What is it that we are supposed to remember from the foregoing that says all the losses would be in the Merced Irrigation District? We see the figure 155,720 acres fallowed as a result of increased flows in all three tributary rivers, not just the Merced. Land in Merced cannot be fallowed by increased flows in the Stanislaus.
It gets worse. The farm bureau and others dispute the impact of 40 percent flows, putting the fallowed number at 100,000 acres for the region – ranging from $6,400 to $5,400 in value. That puts losses at over $540 million.
Presumably the editorial is referring to the Merced County Farm Bureau and it introduces yet another figure for fallowed ground. But this is a countywide organization so what does "region" mean? Does it include the west side, that gets its water from the Delta? And now "profit" is replaced by "value" and we enter the morass of agricultural forensic accounting.  
Don’t stop there. As farm dollars get spent, they multiply at a rate of 3.5, according to a UC Davis study. So the minimum $540 million becomes $1.9 billion.
What if the state demands 60 percent flows? Local experts say the region will fallow 210,000 acres – costing $1.4 billion at the farmgate. With the multiplier that’s a $4.8 billion hit in Merced, Stanislaus and San Joaquin counties.
OK, we admit that’s an unlikely worst-case scenario.
In reality, farmers are inventive and resilient people. Deprived of water they won’t give up.
That's right. They dig wells and if they are real smart businessmen they sell that groundwater to other farmers, even out of their own county, for more money that they could make farming.. And they will probably do so again this year because the county hasn't yet completed a groundwater ordinance and the board of supervisors voted down a motion to put a moratorium on those sales until the ordinance is completed.
Instead, they’ll spread whatever water they get over more acres by planting crops that need less moisture. That won’t include as many almond trees. Growing nuts requires 42 inches of water a year. With the cuts, Merced Irrigation Districts figures it could lose 70,000 acre-feet of water in dry years. That’s more water than is sitting in Lake McClure today.
MID is figuring it could lose the sale of 70,000 acre-feet. That is not the same thing as the district losing that amount of water. Farmers in the district have always made up the loss of surface water by pumping.
Farmers will likely begin pulling trees so they can spread the water across more acres of less thirsty crops.
Yes, and federally subsidized crop insurance will ease their sense of loss.
But an acre of tomatoes is 54 percent less profitable than an acre of almonds. Melons are 79 percent less profitable, wheat 85 percent.
It is news to us that tomato, melon and wheat prices are pegged to the almond price.
Substituting 60,000 acres of almonds for tomatoes, melons or veggies will create losses of roughly $300 million. Add the multiplier effect and our region will have lost $1.05 billion. There are roughly 1.1 million people living in the three river basins. Each one will be $1,000 poorer. And that doesn’t count losses in hydro-power generation or the fact that 37 percent of jobs in this area are ag-related.
Here we have yet another virgin figure, 60,000 acres (out of the 100,000 currently in almonds in Merced County). But a question arises: Did each one of us, who now stands to lose "$1,000," decide to make Merced County the biggest almond county in the nation? Did each one of us vote to commit the county's economy to the international almond market and state milk pricing, any more than each of us decided to create the least affordable housing market in the nation during the real estate boom?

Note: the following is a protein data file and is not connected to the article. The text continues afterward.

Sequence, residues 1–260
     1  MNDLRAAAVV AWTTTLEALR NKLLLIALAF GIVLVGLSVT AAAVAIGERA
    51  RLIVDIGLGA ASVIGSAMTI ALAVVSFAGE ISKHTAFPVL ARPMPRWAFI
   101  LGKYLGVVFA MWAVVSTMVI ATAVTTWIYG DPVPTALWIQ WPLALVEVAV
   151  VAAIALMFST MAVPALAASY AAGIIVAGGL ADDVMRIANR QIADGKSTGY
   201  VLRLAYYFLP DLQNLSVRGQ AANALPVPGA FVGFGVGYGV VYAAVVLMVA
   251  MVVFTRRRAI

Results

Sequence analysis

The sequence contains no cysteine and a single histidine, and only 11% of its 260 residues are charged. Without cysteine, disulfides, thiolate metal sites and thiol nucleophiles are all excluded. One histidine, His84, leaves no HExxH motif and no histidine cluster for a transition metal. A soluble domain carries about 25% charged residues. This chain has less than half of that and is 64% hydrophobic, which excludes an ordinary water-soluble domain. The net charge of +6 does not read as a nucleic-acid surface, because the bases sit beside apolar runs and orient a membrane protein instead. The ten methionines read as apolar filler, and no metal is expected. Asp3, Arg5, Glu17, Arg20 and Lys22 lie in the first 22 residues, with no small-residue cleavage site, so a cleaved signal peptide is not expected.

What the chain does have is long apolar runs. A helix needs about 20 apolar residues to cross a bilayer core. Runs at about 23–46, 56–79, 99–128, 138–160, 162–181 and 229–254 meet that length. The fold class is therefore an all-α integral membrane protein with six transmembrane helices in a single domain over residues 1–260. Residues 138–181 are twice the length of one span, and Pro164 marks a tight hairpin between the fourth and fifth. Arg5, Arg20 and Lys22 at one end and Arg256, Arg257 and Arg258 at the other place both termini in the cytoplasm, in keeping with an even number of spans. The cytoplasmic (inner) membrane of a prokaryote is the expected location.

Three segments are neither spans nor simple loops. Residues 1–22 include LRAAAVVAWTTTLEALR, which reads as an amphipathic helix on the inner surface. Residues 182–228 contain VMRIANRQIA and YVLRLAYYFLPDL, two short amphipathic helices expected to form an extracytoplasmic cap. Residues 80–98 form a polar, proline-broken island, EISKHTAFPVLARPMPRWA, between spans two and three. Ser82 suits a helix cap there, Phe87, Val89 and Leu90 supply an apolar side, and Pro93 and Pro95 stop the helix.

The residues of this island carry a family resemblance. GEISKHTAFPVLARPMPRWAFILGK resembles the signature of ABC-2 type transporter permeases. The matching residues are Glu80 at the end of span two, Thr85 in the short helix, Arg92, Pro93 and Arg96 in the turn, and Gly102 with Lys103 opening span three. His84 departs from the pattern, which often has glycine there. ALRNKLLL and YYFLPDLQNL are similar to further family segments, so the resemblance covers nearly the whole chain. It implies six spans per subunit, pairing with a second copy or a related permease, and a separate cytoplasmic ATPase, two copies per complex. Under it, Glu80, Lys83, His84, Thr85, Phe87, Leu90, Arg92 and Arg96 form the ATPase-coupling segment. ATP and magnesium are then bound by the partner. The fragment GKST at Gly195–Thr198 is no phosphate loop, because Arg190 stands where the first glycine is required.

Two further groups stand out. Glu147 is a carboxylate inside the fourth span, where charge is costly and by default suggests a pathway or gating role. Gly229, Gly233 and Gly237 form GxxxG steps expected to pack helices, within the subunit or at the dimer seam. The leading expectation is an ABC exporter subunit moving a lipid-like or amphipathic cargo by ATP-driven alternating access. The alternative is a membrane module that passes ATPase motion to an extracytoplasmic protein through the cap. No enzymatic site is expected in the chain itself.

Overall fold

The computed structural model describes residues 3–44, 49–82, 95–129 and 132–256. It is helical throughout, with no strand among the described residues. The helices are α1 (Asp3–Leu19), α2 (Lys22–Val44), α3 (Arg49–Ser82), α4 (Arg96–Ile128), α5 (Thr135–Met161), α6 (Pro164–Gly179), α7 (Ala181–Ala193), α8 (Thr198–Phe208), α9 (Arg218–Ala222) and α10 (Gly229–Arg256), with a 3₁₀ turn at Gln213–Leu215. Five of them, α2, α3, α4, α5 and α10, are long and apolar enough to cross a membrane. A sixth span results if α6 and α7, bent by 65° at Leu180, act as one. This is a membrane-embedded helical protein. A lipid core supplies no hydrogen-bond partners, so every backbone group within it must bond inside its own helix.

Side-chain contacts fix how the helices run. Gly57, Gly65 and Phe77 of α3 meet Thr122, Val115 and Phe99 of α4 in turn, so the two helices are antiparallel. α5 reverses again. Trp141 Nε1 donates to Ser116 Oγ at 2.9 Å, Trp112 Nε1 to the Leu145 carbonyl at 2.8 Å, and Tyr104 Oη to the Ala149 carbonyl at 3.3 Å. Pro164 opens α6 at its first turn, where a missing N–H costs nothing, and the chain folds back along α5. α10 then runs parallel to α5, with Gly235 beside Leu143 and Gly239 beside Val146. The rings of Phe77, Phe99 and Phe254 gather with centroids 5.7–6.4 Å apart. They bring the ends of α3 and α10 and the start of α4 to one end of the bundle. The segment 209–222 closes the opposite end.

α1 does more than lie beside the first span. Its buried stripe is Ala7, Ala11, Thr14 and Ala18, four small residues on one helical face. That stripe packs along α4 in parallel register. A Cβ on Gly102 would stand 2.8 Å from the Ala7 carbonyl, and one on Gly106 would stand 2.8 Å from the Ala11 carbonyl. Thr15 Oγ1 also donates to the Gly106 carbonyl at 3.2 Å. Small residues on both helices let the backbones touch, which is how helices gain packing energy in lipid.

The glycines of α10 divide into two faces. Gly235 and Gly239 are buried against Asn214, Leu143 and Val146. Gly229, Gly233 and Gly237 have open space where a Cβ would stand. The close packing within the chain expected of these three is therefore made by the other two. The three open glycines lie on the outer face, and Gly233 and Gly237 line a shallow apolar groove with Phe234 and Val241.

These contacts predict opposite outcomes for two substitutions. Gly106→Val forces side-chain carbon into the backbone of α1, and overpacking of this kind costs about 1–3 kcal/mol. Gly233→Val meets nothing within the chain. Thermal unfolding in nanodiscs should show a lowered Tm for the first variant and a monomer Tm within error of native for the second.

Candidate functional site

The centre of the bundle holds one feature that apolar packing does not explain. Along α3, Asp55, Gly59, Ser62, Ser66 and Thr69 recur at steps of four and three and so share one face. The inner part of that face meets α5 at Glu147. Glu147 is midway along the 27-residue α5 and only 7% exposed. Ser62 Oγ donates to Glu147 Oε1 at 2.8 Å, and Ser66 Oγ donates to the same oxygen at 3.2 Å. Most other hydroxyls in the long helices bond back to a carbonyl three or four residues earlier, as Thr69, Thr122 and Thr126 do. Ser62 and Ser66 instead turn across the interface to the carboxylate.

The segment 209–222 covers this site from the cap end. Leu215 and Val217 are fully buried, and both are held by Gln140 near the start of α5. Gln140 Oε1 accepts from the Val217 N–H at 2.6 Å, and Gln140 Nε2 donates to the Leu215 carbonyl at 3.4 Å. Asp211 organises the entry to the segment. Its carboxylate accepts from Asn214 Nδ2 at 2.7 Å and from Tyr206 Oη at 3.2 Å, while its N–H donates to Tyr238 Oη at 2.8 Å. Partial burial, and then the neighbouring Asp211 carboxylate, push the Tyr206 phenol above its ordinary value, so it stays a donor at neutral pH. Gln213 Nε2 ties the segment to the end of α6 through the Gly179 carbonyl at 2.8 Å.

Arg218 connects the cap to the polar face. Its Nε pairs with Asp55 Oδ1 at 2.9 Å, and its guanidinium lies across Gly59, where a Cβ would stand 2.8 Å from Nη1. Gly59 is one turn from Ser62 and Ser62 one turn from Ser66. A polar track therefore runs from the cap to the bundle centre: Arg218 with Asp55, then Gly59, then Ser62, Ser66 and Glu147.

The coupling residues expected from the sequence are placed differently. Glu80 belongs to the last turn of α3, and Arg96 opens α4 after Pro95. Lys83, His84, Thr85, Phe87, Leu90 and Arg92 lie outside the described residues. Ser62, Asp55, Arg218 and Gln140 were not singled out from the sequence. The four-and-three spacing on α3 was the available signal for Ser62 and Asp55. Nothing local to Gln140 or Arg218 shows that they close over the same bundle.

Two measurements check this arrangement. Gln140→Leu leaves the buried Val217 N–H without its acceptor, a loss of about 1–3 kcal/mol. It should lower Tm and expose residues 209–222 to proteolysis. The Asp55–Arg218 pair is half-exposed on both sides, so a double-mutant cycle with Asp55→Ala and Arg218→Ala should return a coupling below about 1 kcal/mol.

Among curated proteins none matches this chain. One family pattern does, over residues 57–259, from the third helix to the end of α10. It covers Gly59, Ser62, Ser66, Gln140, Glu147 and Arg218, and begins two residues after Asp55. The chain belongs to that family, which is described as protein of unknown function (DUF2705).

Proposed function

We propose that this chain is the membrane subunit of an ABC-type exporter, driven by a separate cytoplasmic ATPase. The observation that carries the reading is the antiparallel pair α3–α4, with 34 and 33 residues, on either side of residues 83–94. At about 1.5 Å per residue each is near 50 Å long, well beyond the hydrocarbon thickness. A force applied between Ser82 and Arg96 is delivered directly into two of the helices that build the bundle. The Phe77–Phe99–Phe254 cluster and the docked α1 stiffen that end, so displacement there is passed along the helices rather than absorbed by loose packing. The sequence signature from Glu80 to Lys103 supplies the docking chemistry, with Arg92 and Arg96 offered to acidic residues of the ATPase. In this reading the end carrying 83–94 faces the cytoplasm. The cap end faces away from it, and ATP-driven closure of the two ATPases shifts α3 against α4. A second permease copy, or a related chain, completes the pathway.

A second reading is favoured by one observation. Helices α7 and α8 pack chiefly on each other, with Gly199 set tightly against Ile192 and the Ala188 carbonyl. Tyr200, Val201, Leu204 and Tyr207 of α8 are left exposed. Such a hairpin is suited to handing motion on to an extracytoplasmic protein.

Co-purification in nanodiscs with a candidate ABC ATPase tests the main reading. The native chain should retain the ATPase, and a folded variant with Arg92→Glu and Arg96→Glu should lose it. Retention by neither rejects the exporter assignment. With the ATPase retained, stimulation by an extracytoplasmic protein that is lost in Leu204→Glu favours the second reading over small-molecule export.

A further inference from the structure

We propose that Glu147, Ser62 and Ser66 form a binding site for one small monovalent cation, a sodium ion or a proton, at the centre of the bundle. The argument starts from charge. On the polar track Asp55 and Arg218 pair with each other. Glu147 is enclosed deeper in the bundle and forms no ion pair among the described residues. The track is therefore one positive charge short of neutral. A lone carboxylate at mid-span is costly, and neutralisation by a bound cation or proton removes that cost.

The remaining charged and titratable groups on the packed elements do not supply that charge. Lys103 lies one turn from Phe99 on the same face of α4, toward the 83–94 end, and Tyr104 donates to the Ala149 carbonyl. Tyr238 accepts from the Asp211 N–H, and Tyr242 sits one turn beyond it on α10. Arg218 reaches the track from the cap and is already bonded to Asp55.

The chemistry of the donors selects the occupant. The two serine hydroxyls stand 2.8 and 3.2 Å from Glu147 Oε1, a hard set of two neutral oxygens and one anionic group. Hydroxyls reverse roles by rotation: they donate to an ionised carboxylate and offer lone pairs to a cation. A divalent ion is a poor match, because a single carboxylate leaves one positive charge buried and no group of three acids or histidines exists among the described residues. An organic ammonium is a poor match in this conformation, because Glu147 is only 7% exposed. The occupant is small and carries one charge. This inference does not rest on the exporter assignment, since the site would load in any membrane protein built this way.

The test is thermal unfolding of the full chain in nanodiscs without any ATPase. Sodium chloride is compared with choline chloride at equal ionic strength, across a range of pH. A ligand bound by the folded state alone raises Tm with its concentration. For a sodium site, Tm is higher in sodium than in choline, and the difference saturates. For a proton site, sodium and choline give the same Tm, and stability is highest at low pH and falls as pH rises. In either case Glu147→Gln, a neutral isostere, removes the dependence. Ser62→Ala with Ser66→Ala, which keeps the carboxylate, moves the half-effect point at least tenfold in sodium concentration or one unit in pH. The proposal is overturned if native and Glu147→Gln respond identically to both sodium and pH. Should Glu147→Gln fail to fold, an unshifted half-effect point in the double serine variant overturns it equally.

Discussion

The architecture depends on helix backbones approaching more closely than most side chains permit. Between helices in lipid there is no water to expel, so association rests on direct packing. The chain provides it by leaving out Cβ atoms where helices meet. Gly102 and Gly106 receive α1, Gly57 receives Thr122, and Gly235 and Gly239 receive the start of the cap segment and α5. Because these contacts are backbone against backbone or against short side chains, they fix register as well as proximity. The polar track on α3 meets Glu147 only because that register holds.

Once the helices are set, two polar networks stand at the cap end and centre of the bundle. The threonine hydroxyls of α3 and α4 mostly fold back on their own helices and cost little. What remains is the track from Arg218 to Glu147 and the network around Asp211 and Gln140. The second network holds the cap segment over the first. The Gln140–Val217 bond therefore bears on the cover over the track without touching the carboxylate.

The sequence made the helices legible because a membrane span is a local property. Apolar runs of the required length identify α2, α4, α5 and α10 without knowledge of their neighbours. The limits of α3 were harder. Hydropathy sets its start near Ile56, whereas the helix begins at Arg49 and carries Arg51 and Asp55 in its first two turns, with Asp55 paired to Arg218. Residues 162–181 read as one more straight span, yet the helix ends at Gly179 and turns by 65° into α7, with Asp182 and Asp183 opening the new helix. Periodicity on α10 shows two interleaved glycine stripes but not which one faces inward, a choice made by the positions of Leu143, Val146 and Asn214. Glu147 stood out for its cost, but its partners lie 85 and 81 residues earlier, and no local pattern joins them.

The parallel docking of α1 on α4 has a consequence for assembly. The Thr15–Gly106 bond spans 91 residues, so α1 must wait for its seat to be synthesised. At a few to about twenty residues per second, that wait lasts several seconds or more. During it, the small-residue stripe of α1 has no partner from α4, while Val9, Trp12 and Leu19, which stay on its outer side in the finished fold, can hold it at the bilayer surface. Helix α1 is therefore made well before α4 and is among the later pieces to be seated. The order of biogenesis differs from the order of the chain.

Whatever statistics the state, the irrigation districts and the farm bureau are slinging, this fiction of Mama McClatchy's is worse. And as the national plutocracy extracts more and more from "each one." we can sit around in a circle and make the Great Valley Whine about state water policy.
Without water, the value of the land falls, reducing taxes to pay for everything from public safety to education.
Our schools were much better and our public safer before our economy became a captive of irrigation districts feeding the Sacred Cow and the Noble Nut.
Meanwhile, the rivers that once watered our orchards and fields will be diverted to the delta pumps. The report notes $63 million for pumps to help lift all that water over the Middle River fish barriers, which would allow it to be pulled directly into the larger pumps near Tracy.
Everyone who lives here has a stake in this – farm bureaus, the five irrigation districts, jobs agencies, chambers of commerce, county supervisors, city councils.
“Under this proposal, the Valley will annually lose hundreds of millions of dollars in agricultural economic activity,” said MID general manager John Sweigard. “Tens of thousands of acres of prime agricultural land will be fallowed in Merced County alone.”
Clearly the state’s farmer fantasy models are worthless. And we need better than back-of-envelope calculations.
UC Merced might help, or California State University, Stanislaus. Such studies aren’t cheap, but that shouldn’t deter us.
Actually, UC Davis and UC Berkeley have departments of agricultural economics that have been functioning for about a century and are perfectly capable of producing whatever kind of study anyone wants to pay for.
We need to show the devastating impacts of this water grab. We need legislators to know the state isn’t just taking water, it’s endangering our livelihoods, our homes and our futures.
If it weren't the "state water grab" it would have been hundreds of thousands of almond acres coming into production in China or international currency exchanges or this or that malevolent force out there that just hates the San Joaquin Valley. But this particular malevolent force is obstructing  a new class of farmers from Wall Street, who have created a nice little boom to replace urban real estate, which is now threatened by drought.
Then, if the state won’t listen, perhaps the courts will.
Does this mean that McClatchyCo is going to unleash its lawyers on state water policies to defend us poor little people just robbed of a grand a piece?




We don't mind, in fact we expect, the highest degree of partisanship when it comes to water. It is impossible to be disinterested about it. But if McClatchyCo expects to be believed, it will have to develop a little more coherence than is evident here.